Post category: Assessment
The garden should always match the style of the house. Old houses should have something of the garden style appropriate to their age. Of course, it may not be possible to restore this exactly, because labour was very cheap then, but some few features of the fashion of former days will look right.
A Victorian house might, for example, have some dark broad-leaved evergreens, hedges, a gravelled path or two, and some small box-edged flower beds.
A modern house would look ridiculous with those garden features. It should have a free-flowing style – a few well-chosen, carefully placed trees; good-sized groups of mixed planting, lots of ground-cover and some dramatic individual plants. This is a ‘clean’, modern style in keeping with modern architecture.
A large house will need big plants to balance it. However, on a restricted site, a lot can be done with creepers and tall, narrow trees to make a large house sit more comfortably.
Although the style should match the house, this is really a matter of personal taste. Usually, the taste that informs the choice of home fittings and decoration will exert the same influence on the garden.There are as many styles as there are people but the choice might resemble one of the following types: a simple, strong style (paving and a few plants), a quiet, retiring style (lawn, hedges and rose beds), a brash, show-off style (lots of bright bedding and window boxes), or a fussy, homely style (lots of pale coloured flowers and bulbs, mixed with shrubs).
Plants can be dangerous – poisonous, sharply spined, or just badly placed where the unwary might trip.
The garden can be made enjoyable for every user. Smooth, firm surfaces and gentle slopes for those who find it hard to get about; safe play areas for children; comfortable shade for the elderly (and the fair-skinned!); raised beds for those with difficulty in bending; scented plants for the blind.
The garden has an important ornamental function, providing pleasant surroundings for the home, an attractive scene for the passerby. Leisure uses are an important function – sitting out, sunbathing, strolling, entertaining, children’s play, even sport like tennis, or swimming (if you have a pool!)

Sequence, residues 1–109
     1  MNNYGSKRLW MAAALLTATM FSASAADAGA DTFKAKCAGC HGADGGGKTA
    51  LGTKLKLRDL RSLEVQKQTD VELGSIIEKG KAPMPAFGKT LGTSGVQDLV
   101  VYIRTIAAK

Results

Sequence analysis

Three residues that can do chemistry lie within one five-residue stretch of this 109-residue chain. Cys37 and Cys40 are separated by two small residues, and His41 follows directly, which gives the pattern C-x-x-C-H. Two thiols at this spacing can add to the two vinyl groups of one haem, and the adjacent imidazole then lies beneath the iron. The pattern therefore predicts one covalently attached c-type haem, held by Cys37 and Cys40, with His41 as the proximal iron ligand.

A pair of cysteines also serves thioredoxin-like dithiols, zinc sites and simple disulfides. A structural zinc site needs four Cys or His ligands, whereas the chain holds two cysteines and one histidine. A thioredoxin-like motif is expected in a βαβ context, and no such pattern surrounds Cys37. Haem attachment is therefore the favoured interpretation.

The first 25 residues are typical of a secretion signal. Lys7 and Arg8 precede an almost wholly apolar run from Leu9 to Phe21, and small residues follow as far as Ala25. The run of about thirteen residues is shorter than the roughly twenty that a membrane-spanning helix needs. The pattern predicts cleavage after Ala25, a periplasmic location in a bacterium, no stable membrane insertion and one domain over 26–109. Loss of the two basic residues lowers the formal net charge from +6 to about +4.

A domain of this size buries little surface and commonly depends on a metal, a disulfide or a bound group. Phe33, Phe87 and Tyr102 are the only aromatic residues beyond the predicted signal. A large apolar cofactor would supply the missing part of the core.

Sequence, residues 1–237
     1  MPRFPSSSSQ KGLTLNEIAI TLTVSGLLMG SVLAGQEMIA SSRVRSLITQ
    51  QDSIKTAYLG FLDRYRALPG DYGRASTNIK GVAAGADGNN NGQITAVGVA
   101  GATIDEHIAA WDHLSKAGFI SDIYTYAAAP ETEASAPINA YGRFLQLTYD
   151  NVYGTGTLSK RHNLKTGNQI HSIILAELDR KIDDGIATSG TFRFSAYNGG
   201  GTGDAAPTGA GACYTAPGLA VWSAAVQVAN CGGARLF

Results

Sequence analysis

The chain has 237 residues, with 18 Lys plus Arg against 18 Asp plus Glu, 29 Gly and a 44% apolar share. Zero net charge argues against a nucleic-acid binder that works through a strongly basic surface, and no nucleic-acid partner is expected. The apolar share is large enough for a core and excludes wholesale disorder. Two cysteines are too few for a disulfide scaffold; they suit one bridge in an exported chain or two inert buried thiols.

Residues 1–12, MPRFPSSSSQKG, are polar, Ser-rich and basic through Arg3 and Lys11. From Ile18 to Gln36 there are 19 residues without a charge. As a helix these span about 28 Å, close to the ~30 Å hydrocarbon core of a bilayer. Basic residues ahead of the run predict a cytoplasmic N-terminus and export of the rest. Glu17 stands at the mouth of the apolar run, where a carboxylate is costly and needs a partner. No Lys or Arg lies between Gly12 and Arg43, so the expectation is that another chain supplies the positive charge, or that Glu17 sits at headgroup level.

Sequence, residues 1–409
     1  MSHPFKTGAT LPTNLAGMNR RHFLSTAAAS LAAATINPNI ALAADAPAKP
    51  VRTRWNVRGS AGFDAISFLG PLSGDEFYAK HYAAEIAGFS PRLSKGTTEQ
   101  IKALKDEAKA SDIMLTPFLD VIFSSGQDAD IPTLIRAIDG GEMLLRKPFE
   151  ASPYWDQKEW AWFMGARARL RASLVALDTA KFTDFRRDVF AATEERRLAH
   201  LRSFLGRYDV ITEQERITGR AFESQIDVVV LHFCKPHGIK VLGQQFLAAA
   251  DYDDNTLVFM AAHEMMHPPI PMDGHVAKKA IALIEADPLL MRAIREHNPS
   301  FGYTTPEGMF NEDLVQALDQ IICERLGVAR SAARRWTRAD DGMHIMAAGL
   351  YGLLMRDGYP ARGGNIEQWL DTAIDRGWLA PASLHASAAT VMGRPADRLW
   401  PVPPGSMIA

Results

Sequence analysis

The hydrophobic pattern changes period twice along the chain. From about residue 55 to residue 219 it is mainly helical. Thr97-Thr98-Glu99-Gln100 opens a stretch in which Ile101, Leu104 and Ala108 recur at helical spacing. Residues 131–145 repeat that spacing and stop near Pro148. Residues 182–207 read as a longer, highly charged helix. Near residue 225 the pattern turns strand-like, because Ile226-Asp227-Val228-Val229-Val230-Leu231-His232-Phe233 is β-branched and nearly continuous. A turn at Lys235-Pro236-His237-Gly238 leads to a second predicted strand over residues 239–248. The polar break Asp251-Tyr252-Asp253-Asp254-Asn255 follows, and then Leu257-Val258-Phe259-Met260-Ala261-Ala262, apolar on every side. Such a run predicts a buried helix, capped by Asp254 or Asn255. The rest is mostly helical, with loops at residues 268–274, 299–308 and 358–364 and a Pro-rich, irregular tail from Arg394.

The garden can be used for keeping pets – cats, dogs, fish, even bee-keeping in rural areas. The production of fresh fruit, vegetables and herbs can be considered an important function for the garden; cut flowers for indoor decoration may be required.
The garden may be required to hold a hobbyist gardener’s collection – alpines, roses, bonsai and many others. There is also the opportunity for self-expression, arranging plants to achieve desired effects of colour and form.
Practical functions like the clothes-line, fuel tank, tool shed, compost heap, and possible septic tank must be taken into account and placed where they are convenient without spoiling the garden.
Everybody has their own favourite plants – trees, dwarf conifers, heathers, rockery plants, bog garden plants, or favourite flowers such as sweet peas, roses, lilies, irises, and thousands of others.
Make provision for your favourites in terms of space and suitable conditions
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Make provision for your favourites in terms of space and suitable conditions. Favourite plants can influence other aspects of the garden design. For example, an interest in climbing roses, or clematis, will necessitate fences, trellis or walls on which to grow them.
Some choices will rule out others; it is not possible to fill the garden with trees and still have a decent lawn, or rockery with alpine plants, because of the shade they cast, but it would be possible to have a fernery, for instance.
As with plants, everybody has favourite garden features. Most people like to have a paved area, others like a water feature, or containers, statues, drystone walls, scree beds, garden lighting, balustrades and steps, pergolas, timber seats, imposing gate pillars, fountains, secret gardens, trellis fences, even garden gnomes!
A five-acre garden will accommodate all of these and a multiplicity of plant preferences as well. Small gardens are more limited, and it is best to stick to a few firm favourites, and not to try to fit in too much.
Professional advice can be sought and will cost a certain amount of money, but it will be money well spent. Any garden designer will testify that they are frequently called in when mistakes have been made, and money has been unwisely spent.
Some garden features cost more than others. Lawns are the cheapest garden feature; they even sow themselves as ‘tumbledown’ if left to their own devices! Conservatories, paving, walls, terraces and water features are among the more expensive features.
In general, plants are cheap compared to non-living features like paving, walls and fences. Bedding plants are often considered cheap compared to more permanent trees, shrubs and perennial flowers. However, the expense of three or four boxes of bedding plants each year is equivalent to one decent tree, three or four shrubs and perhaps eight or ten perennial flowers. Perennial plants not only grow in size each year, but new plants can be raised from cuttings, or by division.